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Balance of Power
Balance of Power
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"From 1952 through 2016, Republicans and Democrats have taken eight-year turns in the White House with just two exceptions: A four-year interregnum for Democrat Jimmy Carter followed by a dozen straight GOP years under Ronald Reagan and George H.W. Bush," notes LaRue.

It's time to make presidents face the country's six-year itch

LaRue is former deputy director of the Eisenhower Institute, a nonpartisan think tank at Gettysburg College, and of the American Society of International Law. He adapted this piece from an article he wrote in 2018 for the Election law Journal.

Getting reelected is becoming too easy for our presidents. Nine of the last 12 incumbents who sought a second term, including four of the last five, succeeded. A re-elected President Trump would make it four in a row.

The structure of maximum presidential service — eight years in two equal terms — strengthens this probability. Every incumbent has an advantage in pursuing reelection. And reelection itself is not a bad thing. But its timing at four years has become so unfair that I call it the "four-year crutch."

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Allowing President Trump's stonewalling to continue "without the potential of a judicial backstop would gut Congress' ability to effectively check executive overreach and lawbreaking," writes former Rep. Tom Coleman.

A court must decide: Does the law still apply to everyone, the president included?

Coleman was a Republican members of the House from Missouri from 1976 to 1993. He is a retired lobbyist and an advisor to the Protect Democracy Project, an anti-authoritarian watchdog group.

It is a bedrock American principle that no one, not even the president of the United States, is above the law. The president, like all Americans, must pay taxes, must give evidence when sought by a court or Congress, and must follow the law. If this principle is to survive, the D.C. Circuit Court of Appeals must reverse a ruling that Congress cannot sue to enforce subpoenas of executive branch officials.

In the wake of the report from special counsel Robert Mueller, last April the House Judiciary Committee subpoenaed former White House counsel Don McGahn to provide testimony about President Trump's efforts to obstruct the investigation of Russia's meddling in the 2016 election. The White House informed the committee that the president ordered McGahn not to appear, asserting that certain presidential aides are "absolutely immune" from being forced to testify — a privilege no other president has ever claimed. As a result, the committee sued to enforce its subpoena.

In February, a three-judge panel of the D.C. Circuit punted on the central question, ruling 2-1 their court does not have the power to settle this dispute between the congressional and executive branches. If that is allowed to stand, Congress' ability to conduct legitimate oversight will be severely limited and Trump will be further emboldened to ignore our constitutional system of checks and balances.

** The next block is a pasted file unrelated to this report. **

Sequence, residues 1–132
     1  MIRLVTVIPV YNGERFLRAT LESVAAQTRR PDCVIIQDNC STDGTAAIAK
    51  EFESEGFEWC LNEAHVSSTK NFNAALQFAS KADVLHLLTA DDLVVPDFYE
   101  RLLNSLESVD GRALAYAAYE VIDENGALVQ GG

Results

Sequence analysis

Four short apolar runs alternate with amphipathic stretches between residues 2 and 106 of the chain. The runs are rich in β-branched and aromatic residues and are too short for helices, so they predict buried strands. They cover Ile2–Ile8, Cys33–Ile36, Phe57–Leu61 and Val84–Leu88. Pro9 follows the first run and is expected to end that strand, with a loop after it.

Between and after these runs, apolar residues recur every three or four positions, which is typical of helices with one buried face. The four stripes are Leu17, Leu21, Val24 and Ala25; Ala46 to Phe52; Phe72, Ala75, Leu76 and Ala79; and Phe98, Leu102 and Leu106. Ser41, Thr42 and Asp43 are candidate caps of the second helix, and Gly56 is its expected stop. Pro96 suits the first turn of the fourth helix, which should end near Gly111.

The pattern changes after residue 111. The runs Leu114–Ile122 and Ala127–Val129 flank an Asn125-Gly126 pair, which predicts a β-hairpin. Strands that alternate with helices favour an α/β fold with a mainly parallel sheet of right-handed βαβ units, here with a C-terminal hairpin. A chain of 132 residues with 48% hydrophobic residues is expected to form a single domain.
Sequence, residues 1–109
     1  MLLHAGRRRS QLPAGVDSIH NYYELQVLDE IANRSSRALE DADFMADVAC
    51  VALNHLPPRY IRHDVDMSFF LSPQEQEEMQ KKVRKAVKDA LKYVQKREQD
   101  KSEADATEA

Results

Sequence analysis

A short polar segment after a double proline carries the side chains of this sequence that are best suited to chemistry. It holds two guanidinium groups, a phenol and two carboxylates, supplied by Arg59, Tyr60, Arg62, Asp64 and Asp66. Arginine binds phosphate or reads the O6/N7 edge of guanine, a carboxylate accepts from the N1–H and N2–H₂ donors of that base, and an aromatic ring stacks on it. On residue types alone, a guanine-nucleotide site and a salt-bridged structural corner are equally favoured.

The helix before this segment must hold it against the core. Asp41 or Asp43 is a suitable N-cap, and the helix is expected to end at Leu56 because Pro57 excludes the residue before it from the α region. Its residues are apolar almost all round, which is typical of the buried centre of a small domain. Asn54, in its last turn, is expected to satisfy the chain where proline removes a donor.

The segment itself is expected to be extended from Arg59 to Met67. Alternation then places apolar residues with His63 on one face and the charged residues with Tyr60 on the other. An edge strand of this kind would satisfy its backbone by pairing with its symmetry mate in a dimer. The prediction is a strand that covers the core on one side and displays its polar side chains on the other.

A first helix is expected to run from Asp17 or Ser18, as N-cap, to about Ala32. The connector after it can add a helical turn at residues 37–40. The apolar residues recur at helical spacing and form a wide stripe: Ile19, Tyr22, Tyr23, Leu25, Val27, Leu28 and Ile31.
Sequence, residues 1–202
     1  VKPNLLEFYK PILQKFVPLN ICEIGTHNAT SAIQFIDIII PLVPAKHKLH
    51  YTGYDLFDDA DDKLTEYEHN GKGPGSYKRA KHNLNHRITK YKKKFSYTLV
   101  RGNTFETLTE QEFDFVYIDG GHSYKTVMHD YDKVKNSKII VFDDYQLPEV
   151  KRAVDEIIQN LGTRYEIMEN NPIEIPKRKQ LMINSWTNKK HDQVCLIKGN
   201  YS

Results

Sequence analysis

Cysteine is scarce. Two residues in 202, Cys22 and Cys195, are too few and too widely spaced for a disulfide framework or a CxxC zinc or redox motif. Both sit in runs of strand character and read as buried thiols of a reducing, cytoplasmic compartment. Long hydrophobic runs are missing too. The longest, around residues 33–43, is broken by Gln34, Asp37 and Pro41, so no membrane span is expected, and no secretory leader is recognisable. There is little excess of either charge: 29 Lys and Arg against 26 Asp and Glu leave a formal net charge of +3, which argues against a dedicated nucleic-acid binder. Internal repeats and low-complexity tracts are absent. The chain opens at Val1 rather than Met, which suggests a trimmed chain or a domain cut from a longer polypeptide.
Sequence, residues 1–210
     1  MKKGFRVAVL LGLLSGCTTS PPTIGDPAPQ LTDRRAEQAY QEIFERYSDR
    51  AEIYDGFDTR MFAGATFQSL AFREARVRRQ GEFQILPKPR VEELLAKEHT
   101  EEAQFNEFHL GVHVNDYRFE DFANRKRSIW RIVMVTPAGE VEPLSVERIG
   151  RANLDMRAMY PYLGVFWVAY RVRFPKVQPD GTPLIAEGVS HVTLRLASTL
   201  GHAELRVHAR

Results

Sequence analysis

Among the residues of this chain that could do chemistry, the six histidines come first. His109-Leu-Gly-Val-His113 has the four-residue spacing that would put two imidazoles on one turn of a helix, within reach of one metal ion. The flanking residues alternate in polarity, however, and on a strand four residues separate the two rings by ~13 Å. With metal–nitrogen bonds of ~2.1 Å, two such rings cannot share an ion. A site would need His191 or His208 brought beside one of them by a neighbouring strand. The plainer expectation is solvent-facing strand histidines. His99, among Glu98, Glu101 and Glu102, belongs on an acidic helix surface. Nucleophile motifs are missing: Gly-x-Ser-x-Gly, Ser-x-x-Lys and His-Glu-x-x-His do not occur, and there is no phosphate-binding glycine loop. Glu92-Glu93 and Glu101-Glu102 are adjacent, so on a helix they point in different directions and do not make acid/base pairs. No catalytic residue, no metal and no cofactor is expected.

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Balance of Power
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New York Gov. Andrew Cuomo and state lawmakers could still enact the reform package through the standard legislative process.

Public financing, suppression of 3rd parties in N.Y. on hold after ruling

New York's new public campaign finance system and rules limiting the power of small political parties were struck down Thursday, a state judge ruling their creation by an independent commission last year violated the state Constitution.

A package with both provisions took the force of law in January under an unusual procedure in which the Legislature's choices were to either reject it or let it happen. That was "an improper and unconstitutional delegation of legislative authority," Niagara County Supreme Court Justice Ralph Boniello ruled.

Third parties hailed the ruling, which preserves their candidates' relatively easy access to spots on the ballot in the nation's fourth most-populous state. Advocates of reducing big money's sway over campaigns, meanwhile, said there was plenty of time to recover. The new taxpayer matching funds were not going to start flowing for six years — allowing plenty of time for the system to get enacted the usual way.

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Big Picture
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6 of the most important democracy books of the past 6 months

"Groaning bookshelves about our divisive times" are one of the main features of the publishing world these days, Kirkus Reviews notes. So we identified six books, all published since last summer, that are particularly worthy of note in a campaign season when the faulty functionality of American democracy is getting discussed more than in any previous modern election.

The authors come from the political left, right and center — but they all have a broadly similar panoramic view of the dysfunction plaguing our democracy. And their prescriptions for reversing the decline have more in common than not. What they all agree on: The principles of our Constitution are under assault and the citizenry's only chance at a successful counter attack is by embracing a broad array of plans for strengthening democratic institutions.

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